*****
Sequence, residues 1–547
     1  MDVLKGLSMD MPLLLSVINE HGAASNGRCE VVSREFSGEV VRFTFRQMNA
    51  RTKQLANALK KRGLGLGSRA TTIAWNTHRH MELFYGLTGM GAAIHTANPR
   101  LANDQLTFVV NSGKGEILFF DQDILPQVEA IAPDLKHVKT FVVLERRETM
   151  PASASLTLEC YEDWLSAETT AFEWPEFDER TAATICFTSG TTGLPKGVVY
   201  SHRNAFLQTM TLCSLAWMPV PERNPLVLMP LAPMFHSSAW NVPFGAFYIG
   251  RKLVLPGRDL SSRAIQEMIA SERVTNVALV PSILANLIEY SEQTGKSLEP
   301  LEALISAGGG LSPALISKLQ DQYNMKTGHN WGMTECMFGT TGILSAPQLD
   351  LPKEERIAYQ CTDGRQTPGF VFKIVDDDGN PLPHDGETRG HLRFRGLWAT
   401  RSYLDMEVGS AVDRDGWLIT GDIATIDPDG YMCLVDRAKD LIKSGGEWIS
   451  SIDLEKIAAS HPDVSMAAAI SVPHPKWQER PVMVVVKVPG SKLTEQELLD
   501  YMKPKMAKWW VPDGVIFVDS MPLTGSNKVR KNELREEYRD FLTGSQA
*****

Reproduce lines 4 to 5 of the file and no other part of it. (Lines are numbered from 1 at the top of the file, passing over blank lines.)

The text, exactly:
   101  LANDQLTFVV NSGKGEILFF DQDILPQVEA IAPDLKHVKT FVVLERRETM
   151  PASASLTLEC YEDWLSAETT AFEWPEFDER TAATICFTSG TTGLPKGVVY